When Dad raises the children

By Laura TomassiniLex Kleren Switch to German for original article

Fatherhood has undergone a social transformation in recent generations: From the drudging dad who puts his feet up in the evening and at most reads a bedtime story, to the active part in the family who takes raising children at least as seriously as mum ─ and in some cases even more so.

Far from being a marginal phenomenon in society, they clearly show how the latter one has developed in recent years: Fathers who are consciously and committedly involved in raising children, or who even take over completely. At the latest since the introduction of paternity leave in January 2018, affectionately christened "Pappecongé" in Luxembourg, the male part of the parenting duo has also been visibly held responsible in writing and the role of the father has changed greatly. While many dads of the past only spent brief moments with their offspring and had to settle for visitation rights in the event of a divorce, nowadays men are allowed to and want to raise children, and in some cases even prefer to do so.

Although the parental leave introduced in 1998 already applied to mothers and fathers, Luxembourg's dads have only become active in raising children since the reform of the law about six years ago. 6,186 men took care of their offspring in 2021 according to the statistics of the Future Fund ─ exactly 384 more than in the year before, according to their annual report of 2020, the year in which male applicants already outnumbered their female counterparts by 14 per cent with 5,802 to 5,084 ─ among them also Luca Menichetti. At 26, the nurse became the father of a young daughter. Today, five years later, Luca knows what being a father really means: "In our fathers' generation, when the woman's water broke, the man's only role was to take her suitcase ─ which she usually still packed herself ─ into the car, drive her safely through the traffic to the hospital and then wait until the child was born. I'm there for all the important moments in my daughter's life and it's the only thing I've ever completely pulled off and would never give back."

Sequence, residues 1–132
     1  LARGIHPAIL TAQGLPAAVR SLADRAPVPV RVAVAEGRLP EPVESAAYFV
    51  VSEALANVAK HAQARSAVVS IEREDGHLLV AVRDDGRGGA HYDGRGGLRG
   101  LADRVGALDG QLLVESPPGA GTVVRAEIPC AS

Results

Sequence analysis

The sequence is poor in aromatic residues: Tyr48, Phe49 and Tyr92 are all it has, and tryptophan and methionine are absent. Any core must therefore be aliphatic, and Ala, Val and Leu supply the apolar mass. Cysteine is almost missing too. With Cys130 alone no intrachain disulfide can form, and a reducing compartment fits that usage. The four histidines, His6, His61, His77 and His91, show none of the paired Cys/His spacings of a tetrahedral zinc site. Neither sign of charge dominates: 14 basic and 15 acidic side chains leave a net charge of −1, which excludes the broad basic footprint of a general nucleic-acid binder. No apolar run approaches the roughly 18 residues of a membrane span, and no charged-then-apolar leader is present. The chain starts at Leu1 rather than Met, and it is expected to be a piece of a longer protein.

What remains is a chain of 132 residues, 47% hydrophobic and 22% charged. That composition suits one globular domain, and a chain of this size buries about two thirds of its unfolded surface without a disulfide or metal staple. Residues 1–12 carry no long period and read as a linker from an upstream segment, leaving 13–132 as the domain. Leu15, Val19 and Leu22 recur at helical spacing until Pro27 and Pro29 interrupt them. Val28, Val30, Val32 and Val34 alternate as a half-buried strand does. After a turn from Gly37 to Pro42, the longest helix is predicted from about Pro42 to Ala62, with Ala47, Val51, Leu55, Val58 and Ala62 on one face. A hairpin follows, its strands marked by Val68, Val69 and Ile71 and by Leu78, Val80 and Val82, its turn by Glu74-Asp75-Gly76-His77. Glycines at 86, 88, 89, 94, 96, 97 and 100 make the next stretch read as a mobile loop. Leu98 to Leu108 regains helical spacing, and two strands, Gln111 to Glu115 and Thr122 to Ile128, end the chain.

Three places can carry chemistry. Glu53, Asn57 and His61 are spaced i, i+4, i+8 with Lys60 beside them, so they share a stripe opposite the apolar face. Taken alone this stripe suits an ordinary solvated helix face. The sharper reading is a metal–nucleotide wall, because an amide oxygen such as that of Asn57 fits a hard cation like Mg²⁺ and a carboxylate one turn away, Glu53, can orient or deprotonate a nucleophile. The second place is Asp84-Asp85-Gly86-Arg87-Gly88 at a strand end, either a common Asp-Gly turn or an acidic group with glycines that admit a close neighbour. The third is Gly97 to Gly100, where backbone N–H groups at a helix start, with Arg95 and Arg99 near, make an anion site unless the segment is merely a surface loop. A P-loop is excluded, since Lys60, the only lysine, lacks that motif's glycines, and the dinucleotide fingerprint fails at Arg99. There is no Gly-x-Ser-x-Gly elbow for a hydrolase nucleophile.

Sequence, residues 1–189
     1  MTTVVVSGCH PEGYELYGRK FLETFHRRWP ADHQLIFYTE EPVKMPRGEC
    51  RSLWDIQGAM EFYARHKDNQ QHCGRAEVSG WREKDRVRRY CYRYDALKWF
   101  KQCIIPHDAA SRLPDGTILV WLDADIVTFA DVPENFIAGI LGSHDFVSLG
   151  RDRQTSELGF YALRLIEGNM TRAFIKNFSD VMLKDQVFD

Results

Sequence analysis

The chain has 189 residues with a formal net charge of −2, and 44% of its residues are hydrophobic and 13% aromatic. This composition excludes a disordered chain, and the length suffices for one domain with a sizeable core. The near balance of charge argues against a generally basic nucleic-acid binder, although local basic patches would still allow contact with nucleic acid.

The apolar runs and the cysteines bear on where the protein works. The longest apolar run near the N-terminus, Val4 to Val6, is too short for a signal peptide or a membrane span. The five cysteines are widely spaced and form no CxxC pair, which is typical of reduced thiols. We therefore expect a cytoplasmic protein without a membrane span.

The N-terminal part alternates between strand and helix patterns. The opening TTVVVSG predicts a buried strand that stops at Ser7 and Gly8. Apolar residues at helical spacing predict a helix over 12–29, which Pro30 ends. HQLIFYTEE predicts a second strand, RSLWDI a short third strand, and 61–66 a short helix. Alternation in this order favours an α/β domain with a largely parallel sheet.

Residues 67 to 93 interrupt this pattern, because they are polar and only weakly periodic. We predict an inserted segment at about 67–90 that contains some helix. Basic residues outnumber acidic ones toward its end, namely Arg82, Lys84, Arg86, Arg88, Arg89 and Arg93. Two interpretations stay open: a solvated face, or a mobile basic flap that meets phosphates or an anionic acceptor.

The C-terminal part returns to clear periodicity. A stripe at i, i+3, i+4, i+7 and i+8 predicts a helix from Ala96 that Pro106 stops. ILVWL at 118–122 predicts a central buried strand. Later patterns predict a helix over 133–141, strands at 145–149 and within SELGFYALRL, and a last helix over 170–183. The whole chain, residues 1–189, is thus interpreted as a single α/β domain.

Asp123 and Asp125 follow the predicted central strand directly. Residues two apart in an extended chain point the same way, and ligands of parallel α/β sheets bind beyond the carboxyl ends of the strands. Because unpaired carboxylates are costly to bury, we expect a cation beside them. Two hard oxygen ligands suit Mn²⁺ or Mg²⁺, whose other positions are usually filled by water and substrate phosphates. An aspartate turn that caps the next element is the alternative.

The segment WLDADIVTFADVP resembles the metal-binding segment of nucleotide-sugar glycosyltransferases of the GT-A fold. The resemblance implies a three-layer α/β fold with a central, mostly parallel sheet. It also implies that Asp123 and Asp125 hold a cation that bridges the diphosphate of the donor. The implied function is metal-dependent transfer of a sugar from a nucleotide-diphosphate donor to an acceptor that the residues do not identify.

More possibilities for fathers

A hundred thousand times Luca would get up at night to heed the call of his little one. However, he owes the fact that he is allowed to do this to modern times. "I once read the term Disney daddies in the context of break-ups, they are fathers who magically appear and usually only on weekends, do cool things with their children for a few hours and then disappear again, like a fairy", Luca says. In the past, fathers' time with their children was limited and men had to fight for their basic rights in raising children. However, the changes in the law in recent years have changed this.

Luca was also able to benefit from these and took half a year of parental leave when his daughter was six months old. "We fathers are now more involved in raising our children because the state allows us to", says the 30-year-old. But while the official course is largely set for the country's dads, there are still isolated situations in everyday life where being a dad becomes a challenge. "I had my daughter when she was a baby. But the facilities that exist in many public places have often not allowed me to properly carry out my role as a father."

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